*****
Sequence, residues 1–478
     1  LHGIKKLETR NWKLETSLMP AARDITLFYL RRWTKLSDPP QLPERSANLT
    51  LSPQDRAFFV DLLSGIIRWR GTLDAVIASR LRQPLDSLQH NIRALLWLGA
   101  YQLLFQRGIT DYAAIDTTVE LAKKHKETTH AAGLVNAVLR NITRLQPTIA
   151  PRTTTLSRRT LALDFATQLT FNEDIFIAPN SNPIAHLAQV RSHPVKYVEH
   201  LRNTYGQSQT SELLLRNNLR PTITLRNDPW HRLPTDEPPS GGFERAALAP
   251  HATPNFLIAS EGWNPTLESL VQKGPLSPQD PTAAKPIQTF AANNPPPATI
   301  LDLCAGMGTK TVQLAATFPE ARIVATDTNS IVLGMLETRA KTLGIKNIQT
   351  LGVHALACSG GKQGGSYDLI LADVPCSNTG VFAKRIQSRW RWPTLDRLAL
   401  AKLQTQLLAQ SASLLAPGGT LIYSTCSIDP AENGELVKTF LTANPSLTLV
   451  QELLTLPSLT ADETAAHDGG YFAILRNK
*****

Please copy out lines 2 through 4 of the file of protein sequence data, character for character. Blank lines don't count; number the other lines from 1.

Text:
     1  LHGIKKLETR NWKLETSLMP AARDITLFYL RRWTKLSDPP QLPERSANLT
    51  LSPQDRAFFV DLLSGIIRWR GTLDAVIASR LRQPLDSLQH NIRALLWLGA
   101  YQLLFQRGIT DYAAIDTTVE LAKKHKETTH AAGLVNAVLR NITRLQPTIA